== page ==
Smart Ideas: Nancy Reagan, the Naval Academy, and Michael Bloomberg’s Rationale

Nancy Reagan, escorted by former President George W. Bush following the funeral for former first lady Betty Ford in 2011.
AP Photo/Jae C. Hong, Pool
March 7, 2016, 8 p.m.

Nancy Reagan was a champion of medicine and science

Sheila Kaplan, writing at Stat

Nancy Reagan took plenty of heat for her belief in astrology, but this supposedly superstitious woman was a devotee of science and medicine who “had a greater impact on public health than most Americans might recall.” Given her husband’s disease, she was of course the most public face advocating for more Alzheimer’s research. But she also changed the debate on embryonic stem-cell research, lobbying President George W. Bush directly, and “going to bat” to keep federal regulations out of state-funded research. Also “by discussing her own decision to have a mastectomy—before the days of pink ribbons and Race for the Cure—Nancy Reagan helped break down the stigma that many women felt accompanied a breast cancer diagnosis.”

Why Bloomberg won't run

Michael Bloomberg, writing at Bloomberg

“The current presidential candidates are offering scapegoats instead of solutions, … doubling down on dysfunction.” Each side is turning their back on policies that enabled their recent presidents—Bill Clinton and Ronald Reagan—to grow the economy. While Bloomberg is flattered that some people wish for him to lead, the data makes it clear that “I could not win. I believe I could win a number of diverse states—but not enough to win the 270 Electoral College votes necessary to win the presidency. In a three-way race, it’s unlikely any candidate would win a majority of electoral votes, and then the power to choose the president would be taken out of the hands of the American people and thrown to Congress.” Bloomberg will not endorse a candidate yet, but “I will continue urging all voters to reject divisive appeals and demanding that candidates offer intelligent, specific and realistic ideas.”

Trump is our era's William Jennings Bryan

Daniel Klinghard, writing at U.S. News & World Report

Commentators have already devoted plenty of space to comparing Donald Trump to Hitler or other fascist-style dictators. But Trump has a more quintessentially American analog: presidential also-ran William Jennings Bryan. In running unsuccessfully on the Democratic ticket three different times around the turn of the 20th century, Bryan’s stock in trade was his “appeal to lowbrow tastes, his ability to turn politics into popular entertainment and his willingness to play to prejudice against judgment.” Similarly, Trump has “a long history of drawing audiences in the private sphere, an ear for the common tongue and an ability to paint complex problems in blindingly simple terms. Like Bryan, Trump is happy to play to paranoid impulses and vague conspiracies.”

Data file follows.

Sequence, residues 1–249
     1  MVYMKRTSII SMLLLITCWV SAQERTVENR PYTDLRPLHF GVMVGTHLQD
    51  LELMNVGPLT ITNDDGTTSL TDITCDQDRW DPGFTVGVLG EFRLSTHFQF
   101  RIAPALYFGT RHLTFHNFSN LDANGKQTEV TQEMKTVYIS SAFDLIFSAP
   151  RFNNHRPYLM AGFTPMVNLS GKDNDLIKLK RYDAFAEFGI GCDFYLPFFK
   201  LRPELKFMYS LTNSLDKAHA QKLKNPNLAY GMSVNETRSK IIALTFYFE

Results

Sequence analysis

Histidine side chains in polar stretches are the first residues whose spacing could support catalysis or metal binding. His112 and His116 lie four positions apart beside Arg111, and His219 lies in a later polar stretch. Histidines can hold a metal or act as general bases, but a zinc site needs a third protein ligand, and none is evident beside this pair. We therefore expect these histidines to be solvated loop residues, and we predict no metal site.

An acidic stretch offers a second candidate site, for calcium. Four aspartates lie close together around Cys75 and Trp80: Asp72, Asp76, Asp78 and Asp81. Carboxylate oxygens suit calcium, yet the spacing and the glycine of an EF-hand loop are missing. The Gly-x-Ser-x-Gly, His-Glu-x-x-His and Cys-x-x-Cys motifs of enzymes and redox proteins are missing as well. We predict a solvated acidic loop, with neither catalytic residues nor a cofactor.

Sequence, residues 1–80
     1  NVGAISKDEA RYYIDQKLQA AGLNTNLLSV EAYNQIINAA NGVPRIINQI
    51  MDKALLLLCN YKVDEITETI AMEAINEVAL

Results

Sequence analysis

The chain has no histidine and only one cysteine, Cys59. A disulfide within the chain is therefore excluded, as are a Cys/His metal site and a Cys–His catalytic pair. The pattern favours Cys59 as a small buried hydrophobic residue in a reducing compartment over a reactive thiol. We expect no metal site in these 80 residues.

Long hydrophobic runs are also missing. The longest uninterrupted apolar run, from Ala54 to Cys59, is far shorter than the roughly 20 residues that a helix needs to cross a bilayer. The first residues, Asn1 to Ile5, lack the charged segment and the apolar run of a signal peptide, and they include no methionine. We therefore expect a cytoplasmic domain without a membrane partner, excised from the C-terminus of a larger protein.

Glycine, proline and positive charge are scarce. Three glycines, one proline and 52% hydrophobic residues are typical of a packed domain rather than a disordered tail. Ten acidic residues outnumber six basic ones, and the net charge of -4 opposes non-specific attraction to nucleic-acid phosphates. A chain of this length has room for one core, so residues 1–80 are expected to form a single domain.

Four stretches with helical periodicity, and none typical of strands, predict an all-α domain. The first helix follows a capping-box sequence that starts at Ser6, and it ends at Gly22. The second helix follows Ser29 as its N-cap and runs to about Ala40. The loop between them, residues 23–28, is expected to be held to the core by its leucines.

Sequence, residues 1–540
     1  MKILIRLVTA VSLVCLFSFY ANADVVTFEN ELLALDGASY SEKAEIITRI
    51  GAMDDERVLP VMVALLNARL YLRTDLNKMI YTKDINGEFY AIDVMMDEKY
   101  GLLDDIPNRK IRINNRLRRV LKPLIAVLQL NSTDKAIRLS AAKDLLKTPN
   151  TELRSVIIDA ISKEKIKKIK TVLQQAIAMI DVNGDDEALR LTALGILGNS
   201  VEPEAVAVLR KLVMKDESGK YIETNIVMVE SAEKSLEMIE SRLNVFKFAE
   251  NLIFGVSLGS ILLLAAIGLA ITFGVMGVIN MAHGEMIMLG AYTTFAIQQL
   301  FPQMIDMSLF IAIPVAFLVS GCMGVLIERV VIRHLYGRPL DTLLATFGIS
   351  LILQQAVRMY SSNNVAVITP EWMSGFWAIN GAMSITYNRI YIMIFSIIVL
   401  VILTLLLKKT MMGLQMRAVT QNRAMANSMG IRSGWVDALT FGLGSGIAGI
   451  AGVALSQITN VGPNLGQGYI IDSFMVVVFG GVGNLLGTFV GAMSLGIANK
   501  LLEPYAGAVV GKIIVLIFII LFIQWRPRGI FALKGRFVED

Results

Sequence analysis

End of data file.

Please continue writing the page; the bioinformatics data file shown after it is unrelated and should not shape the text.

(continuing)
The U.S. Naval Academy's time has passed

Annapolis professor Bruce Fleming, writing at Salon

The United States Naval Academy “graduates fewer than one in five new Navy officers and an even smaller percentage of new Marine officers. These cost taxpayers about half a million dollars each, four to eight times other commissioning pipelines.” In fact, the entire existence of the military academies is “all smoke and mirrors run for the benefit not of the civilians who pay for it but the military brass, whose vanity projects these institutions are, and who hook each other up once out. … Everything you hear about the service academies comes from the CO in the front office, where the weather is always sunny. Administrators at USNA have all made their careers from being graduates (all superintendents have been USNA graduates and most of the higher administrators)—it gave them a free education and employment, after all, and a network afterward. … The fox says the henhouse is doing fine; the hens can’t even cluck. It’s a fabulous system to keep those tax dollars rolling in.”

How big a national security threat would a President Trump be?

Benjamin Wittes, writing at Lawfare

Donald Trump’s combination of liabilities is “a toxic brew that I have no doubt makes this country less secure.” Trump’s ignorance of diplomacy and military affairs “is of a particularly proud variety,” in that his bombast is never fortified by any sort of facts or “rudimentary knowledge.” Specifically, his promise to bar Muslims from entering the country could be a greater recruiting tool for ISIS than Guantanamo Bay ever was. And “with only a modest amount of public ego stroking—a few stray words, really”—Vladimir Putin has “bought himself an ally at the top of the GOP field.”

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